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Portuguese Cod: Delicious, Despite a Tumultuous Past Century

Fish on a table in a market
Fish in a market (Photos by Keri White)

I just spent 10 glorious days in Portugal and, for kosher-style diners, Portugal is all about the fish — cod in particular, although sole, tuna, haddock, hake, mackerel, grouper, amberjack, bass, sea bream, sardines and others that I can’t even remember are available in plentitude.

Because a large part of the typical Portuguese diet is comprised of shellfish and pork products and vegetables are not a big part of the local diet, fish, by delicious default, takes center stage.

Salt cod, or bacalhau, is practically a staple food in Portugal, so I assumed cod inhabited local waters and every man, woman and child was able to catch it in their backyards. We subsequently learned from an Uber driver named Jorge that most of the cod consumed in Portugal today is imported from Norway. That seemed suspect, so I did some research and confirmed that Jorge was indeed correct.

It all started back in the 1600s when Portugal dominated the Age of Exploration. Fishing fleets would head to Newfoundland, where cod was bountiful, and the fresh catch would be dried in salt to preserve it for the long journey home.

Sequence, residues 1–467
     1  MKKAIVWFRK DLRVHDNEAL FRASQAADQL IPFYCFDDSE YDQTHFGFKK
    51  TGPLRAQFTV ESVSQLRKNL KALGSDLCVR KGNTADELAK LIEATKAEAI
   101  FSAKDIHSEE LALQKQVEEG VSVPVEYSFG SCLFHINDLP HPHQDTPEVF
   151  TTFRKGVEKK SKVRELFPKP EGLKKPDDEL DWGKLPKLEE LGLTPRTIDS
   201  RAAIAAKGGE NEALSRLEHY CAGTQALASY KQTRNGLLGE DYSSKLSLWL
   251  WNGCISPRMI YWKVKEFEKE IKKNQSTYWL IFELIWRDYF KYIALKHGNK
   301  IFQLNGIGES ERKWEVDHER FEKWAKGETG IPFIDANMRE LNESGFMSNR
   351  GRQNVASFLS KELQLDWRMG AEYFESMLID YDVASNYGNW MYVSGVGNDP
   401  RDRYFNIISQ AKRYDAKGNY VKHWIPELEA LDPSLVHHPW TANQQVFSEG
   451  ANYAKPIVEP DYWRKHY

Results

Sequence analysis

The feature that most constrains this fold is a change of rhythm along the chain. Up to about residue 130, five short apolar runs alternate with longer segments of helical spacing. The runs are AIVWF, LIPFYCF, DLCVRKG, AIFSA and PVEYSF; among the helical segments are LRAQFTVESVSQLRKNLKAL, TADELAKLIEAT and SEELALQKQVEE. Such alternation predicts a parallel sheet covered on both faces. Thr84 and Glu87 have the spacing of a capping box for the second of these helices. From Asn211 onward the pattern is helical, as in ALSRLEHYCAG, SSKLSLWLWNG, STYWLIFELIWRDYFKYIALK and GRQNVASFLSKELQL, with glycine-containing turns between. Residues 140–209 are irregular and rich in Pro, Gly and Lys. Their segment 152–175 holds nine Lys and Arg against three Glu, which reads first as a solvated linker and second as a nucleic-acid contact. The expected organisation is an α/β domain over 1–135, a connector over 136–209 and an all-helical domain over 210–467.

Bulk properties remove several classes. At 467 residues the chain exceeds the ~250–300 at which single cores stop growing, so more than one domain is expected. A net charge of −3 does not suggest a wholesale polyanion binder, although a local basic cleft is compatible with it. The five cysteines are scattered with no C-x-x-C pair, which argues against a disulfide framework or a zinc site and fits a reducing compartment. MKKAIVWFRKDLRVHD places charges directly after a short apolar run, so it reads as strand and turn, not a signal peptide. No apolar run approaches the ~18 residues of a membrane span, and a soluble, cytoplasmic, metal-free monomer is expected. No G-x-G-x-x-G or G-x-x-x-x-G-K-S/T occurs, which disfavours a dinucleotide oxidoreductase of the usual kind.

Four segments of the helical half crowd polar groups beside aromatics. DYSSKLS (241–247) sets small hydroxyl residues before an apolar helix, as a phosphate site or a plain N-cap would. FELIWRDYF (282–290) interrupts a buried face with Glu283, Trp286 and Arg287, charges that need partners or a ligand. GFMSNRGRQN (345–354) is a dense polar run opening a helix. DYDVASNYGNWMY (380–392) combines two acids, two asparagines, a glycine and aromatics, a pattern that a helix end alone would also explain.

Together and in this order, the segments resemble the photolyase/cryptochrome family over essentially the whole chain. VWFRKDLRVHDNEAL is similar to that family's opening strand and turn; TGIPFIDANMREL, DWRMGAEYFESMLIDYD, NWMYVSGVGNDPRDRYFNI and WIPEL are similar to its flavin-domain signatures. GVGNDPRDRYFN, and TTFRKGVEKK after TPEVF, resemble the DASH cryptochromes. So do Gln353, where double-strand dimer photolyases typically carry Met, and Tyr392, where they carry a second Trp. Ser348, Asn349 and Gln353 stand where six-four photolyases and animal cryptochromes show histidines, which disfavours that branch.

Eventually, Portugal turned its focus eastward, where the spice routes from India proved extremely profitable, but the taste for cod on the home front remained. Consequently, the British began to supply cod to Portugal and, by the 1900s, there was virtually no domestic Portuguese cod industry.

In 1926, however, things changed. A brutal military dictatorship took over the country, and the population began to face food supply problems.

In 1942, the regime initiated the “Cod Campaign,” which was designed to boost domestic production capacity. Like everything else, the cod industry was forced under state control and, by 1958, Portugal was back in the cod business full throttle, with 80% of the fish consumed there being caught and processed domestically — although the fishermen were neither paid nor treated well.

The industry began to decline in the 1960s when some importation began, and the dictator, António de Oliveira Salazar, was overthrown in 1974. This caused the local industry once more to collapse as competitive global markets opened, fishing zones were limited due to environmental concerns and the artificially controlled pricing was eliminated.